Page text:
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Equal Time: Arsenal must sack Unai, hire Mourinho

Saturday 9th November 2019
Can Jose Mourinho restore Arsenal's winning mentality?
Can Jose Mourinho restore Arsenal's winning mentality?

Jose Mourinho is divisive to the core. His managerial style is reactive rather than proactive. If you need a storm in a teacup, don't hire Mourinho. He'll give you a tsunami in a teaspoon. Nevertheless, he’s not just what Arsenal wants; he’s exactly the man they need to extricate the Gunners from their self-dug hole. Again, Mourinho is divisive. Some of you can't believe what you're reading but the facts make a strong case.

If the beautiful game were a cafeteria, crow would dominate the menu. Players and managers are wont to make U-turns, eat their words and earn salaries from clubs they once ridiculed and loathed. Chelsea fans couldn't believe their board installed Liverpool legend Rafael Benitez in the Stamford Bridge dugout. Their outrage wasn't fuelled by his work for the Reds, rather comments he made about the Blues during his time at Anfield.

No one trumps Mourinho when it comes to derisive quotes. In his seven years as a Premier League manager, you can fill a book with barbs directed at Arsenal and its personnel. You'd probably title it 'Voyeur'. Still, there are no permanent enemies among professionals.

The Special One's suitability as Arsenal boss splits the fanbase down the middle. It wouldn’t surprise to hear the 56-year-old  booed by large sections of the Arsenal support if he eventually gets the job. They’ll come around once he starts delivering results. And make no mistake. He will.

Why Mourinho is needed

The Portuguese remains among the most successful gaffers ever to grace the English game even if Pep Guardiola matched his three-season haul to begin his Premier League career.

Meanwhile, Arsenal's current manager doesn’t inspire. Unai Emery’s selections continue to leave fans in fits. The Spaniard was meant to usher in changes after Arsene Wenger's regime turned stale. Instead, the same problems exist. Plenty of entertaining, attacking football, far too little defending and determination.

The Spaniard failed to get Arsenal into the Champions League in his first season and isn’t looking like he can make it happen this term. In addition, his reputation as a Europa League specialist took a hit when Maurizio Sarri and Chelsea thoroughly dismantled the Gunners in Azerbaijan.

Arsenal's biggest weakness, however, might be their reluctance to sack managers. They stuck with Wenger through seven barren years and were then satisfied with three FA Cups even as the side fell out of Champions League contention. Until they make a move, a sizable portion of supporters don't believe they'll sack Emery. Money spent might be the difference, however. Chairman Stan Kroenke sanctioned the £72 million to acquire Nicolas Pepe from Lille only to see no return on his investment. Meanwhile, the Gunners rearguard continues to fall asleep in packed stadiums.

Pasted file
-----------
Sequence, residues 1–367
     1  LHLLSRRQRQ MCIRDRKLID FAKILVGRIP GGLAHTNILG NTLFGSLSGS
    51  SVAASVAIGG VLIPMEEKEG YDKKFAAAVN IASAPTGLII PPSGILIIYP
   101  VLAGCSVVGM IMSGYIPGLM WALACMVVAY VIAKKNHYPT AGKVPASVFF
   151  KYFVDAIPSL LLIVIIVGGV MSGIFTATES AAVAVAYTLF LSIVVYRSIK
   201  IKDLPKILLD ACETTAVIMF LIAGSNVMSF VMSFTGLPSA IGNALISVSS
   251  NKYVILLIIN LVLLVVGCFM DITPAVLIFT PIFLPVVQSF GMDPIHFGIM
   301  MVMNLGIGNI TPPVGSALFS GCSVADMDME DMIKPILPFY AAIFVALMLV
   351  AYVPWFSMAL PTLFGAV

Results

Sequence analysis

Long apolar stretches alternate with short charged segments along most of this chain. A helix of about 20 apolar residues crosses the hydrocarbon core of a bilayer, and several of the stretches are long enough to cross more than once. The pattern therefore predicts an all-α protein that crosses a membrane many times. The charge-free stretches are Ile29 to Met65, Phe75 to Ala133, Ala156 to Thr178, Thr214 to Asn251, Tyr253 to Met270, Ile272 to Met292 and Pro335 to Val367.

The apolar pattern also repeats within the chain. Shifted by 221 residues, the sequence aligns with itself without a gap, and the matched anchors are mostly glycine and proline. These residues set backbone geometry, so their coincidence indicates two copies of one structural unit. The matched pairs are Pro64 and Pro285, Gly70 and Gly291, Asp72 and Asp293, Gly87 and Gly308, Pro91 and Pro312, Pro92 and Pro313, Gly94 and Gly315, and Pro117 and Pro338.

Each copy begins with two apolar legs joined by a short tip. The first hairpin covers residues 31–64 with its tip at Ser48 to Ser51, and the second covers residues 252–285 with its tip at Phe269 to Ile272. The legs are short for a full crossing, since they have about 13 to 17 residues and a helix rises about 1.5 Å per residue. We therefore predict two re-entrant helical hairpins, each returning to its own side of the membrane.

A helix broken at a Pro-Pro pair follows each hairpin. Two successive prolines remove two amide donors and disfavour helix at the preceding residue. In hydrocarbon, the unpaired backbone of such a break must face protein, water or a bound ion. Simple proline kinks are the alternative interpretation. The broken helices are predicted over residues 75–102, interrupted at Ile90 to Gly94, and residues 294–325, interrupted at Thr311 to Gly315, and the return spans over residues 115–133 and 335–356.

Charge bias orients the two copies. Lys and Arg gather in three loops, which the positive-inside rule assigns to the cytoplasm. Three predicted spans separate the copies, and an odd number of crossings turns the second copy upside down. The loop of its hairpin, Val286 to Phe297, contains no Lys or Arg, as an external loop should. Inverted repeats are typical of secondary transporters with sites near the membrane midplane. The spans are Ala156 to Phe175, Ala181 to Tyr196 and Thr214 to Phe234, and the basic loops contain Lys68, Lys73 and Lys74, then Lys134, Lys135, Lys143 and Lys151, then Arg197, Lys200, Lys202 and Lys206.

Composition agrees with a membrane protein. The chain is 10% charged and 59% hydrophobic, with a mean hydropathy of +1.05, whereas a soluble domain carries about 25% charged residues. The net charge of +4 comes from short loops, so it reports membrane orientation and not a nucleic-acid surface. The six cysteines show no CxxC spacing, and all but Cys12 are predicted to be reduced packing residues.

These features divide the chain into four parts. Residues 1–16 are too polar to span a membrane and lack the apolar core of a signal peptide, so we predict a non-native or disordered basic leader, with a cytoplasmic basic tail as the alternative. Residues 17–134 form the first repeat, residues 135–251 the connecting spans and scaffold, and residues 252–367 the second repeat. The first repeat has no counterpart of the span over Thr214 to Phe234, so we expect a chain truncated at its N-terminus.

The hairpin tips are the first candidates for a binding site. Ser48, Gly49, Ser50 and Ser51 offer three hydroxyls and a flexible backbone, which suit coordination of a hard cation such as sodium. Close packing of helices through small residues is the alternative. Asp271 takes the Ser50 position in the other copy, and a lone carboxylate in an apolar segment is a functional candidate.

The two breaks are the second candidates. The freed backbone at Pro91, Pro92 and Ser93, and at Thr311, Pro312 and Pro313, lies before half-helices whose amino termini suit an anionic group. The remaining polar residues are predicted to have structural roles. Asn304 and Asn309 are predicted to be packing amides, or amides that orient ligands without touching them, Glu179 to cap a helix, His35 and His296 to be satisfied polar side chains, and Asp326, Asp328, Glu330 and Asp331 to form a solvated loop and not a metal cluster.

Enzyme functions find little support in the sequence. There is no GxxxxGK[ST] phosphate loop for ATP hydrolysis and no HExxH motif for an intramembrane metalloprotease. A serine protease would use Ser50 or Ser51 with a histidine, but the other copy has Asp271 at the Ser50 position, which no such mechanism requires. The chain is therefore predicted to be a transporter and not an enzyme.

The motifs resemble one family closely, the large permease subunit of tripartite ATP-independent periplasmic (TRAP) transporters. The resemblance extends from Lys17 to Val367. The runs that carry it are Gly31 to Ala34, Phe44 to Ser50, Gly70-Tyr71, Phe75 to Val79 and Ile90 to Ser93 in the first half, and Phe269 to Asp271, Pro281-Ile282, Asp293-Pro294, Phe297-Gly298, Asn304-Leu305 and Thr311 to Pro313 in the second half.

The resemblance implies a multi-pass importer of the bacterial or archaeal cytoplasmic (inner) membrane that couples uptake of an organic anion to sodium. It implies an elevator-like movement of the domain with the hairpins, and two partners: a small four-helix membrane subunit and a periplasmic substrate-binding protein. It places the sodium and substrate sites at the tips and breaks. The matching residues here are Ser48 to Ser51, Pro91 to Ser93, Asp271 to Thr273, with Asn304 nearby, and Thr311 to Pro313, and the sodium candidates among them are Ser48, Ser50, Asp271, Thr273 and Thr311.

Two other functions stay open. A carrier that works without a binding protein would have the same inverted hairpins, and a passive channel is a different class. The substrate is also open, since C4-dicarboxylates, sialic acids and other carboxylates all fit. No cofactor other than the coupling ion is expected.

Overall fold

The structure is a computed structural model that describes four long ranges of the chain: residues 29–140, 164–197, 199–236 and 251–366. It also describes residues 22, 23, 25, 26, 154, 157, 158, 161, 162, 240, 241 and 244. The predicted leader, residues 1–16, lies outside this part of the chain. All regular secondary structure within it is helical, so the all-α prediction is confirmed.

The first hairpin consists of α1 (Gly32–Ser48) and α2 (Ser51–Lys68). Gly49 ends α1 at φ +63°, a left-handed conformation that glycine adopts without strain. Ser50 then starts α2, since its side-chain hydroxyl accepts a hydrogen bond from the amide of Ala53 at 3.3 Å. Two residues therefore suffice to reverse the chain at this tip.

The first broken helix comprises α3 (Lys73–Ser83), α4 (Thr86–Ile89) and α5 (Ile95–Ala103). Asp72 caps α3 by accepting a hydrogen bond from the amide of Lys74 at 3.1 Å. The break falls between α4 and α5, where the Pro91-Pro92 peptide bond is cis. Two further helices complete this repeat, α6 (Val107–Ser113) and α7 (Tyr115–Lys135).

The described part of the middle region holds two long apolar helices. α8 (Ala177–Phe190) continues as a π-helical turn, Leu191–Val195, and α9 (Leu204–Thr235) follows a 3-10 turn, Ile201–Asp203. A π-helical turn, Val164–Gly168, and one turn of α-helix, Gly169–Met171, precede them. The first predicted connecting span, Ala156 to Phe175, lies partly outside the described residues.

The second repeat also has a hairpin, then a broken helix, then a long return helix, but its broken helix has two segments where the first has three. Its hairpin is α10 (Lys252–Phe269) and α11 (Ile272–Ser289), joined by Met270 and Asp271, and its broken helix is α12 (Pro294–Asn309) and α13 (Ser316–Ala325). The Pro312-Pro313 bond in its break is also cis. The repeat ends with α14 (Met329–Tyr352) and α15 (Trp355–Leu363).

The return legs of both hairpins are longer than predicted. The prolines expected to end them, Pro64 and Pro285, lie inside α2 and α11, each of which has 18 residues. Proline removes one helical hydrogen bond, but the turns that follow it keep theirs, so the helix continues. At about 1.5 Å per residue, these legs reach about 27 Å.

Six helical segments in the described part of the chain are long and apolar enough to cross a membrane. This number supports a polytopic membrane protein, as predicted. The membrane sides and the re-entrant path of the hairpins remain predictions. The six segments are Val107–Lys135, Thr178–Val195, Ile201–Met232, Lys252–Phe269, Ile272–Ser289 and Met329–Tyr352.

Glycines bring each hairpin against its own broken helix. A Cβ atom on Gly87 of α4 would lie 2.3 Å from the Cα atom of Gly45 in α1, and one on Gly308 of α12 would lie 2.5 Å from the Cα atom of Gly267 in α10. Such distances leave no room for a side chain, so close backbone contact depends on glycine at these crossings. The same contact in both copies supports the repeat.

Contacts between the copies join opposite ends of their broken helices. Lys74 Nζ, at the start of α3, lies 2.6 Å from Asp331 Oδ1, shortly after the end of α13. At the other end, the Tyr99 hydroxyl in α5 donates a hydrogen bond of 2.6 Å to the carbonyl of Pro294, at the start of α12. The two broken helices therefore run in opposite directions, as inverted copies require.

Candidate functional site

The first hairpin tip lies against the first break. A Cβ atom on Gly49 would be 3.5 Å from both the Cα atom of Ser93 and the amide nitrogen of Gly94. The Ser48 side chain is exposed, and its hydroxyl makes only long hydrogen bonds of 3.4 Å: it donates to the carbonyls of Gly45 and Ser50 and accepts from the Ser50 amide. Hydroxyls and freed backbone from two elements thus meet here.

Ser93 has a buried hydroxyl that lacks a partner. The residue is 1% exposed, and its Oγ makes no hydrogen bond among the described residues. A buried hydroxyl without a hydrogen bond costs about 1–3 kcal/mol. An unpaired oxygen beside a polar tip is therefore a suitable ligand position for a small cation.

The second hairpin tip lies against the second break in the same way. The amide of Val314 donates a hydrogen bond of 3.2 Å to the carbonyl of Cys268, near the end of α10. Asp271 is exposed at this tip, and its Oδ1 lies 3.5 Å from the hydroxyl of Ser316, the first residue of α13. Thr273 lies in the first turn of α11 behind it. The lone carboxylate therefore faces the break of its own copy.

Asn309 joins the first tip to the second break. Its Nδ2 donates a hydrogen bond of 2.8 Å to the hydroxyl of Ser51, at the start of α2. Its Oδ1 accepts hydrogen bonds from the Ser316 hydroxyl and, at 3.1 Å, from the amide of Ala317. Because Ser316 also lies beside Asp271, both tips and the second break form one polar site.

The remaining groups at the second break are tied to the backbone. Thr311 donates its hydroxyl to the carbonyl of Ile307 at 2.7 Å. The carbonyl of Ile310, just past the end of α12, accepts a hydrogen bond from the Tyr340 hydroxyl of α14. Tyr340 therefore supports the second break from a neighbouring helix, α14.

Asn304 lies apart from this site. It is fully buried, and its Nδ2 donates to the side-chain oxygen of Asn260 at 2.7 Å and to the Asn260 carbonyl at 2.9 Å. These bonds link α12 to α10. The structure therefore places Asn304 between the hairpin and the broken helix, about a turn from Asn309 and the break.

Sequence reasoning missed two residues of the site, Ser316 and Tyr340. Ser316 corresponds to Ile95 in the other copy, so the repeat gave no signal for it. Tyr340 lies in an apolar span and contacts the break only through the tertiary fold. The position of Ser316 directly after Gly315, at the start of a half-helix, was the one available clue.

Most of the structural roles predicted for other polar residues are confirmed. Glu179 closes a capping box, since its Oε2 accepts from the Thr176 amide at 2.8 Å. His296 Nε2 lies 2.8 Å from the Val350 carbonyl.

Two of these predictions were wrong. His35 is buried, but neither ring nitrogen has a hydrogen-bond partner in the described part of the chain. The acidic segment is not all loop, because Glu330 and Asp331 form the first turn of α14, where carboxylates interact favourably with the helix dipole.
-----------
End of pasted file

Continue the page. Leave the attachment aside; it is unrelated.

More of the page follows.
If Arsenal are willing to splash the cash, they need a manager who can do something with it.

Two years

Mourinho always hits the stratosphere within the first two years of moving to any new club. It’s a record that’s trailed him even to his most recent employment at Old Trafford. In those two years, he won domestic and international trophies. In year three, his players revolted. 

Arsenal is a club where the manager is given as much freedom as possible to express himself and install his philosophy. It’s hard to think of a better environment where Mourinho can thrive. Mou’s winning mentality means he won’t leave the Emirates without winning some trophies. 

History suggests he's a short-term solution but Arsenal desperately need a shock to the system. They shouldn’t be too bothered whether Mourinho can survive his third year on the job.

What about the youngsters?

It’s argued Mourinho doesn’t give youth a chance. Many fear his appointment will truncate the bourgeoning careers of prospects like Gabriel Martinelli, Bukayo Saka and Reiss Nelson. The argument is pretty much unfounded.

In his own defence, Mourinho released a list of 55 players who popped their professional football cherry under his tutelage. The Guardian audited the list. By their standards, Mourinho handed professional debuts to 34 players. While they rejected some who were merely unused substitutes in his squads, others such as Casemiro and Jon Obi Mikel failed to win approval because they had played for clubs outside Europe's top leagues, Casemiro in his native Brazil, Obi Mikel in Norway. However you cut it, Mourinho has taken chances on a significant number of young and untested players.

At Man United, the former Real Madrid tactician gifted regular playing time to youngsters Scott McTominay, Jesse Lingard and Marcus Rashford. Arsenal fans shouldn’t worry. Mourinho will spend wisely. He’ll win trophies. He'll even give youth a chance. He has all the experience required to reinstall the Gunner’s fear-factor.

That said, Stan Kroenke should make certain the Portuguese signs a pre-nup.

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Kingsley Ukpai

Kingsley is a football aficionado who craves to read, watch, play and write about the greatest team sport ever known to man. If you're talking football he'll be keen to listen to what you have to say. Loves to play Fantasy Football too.

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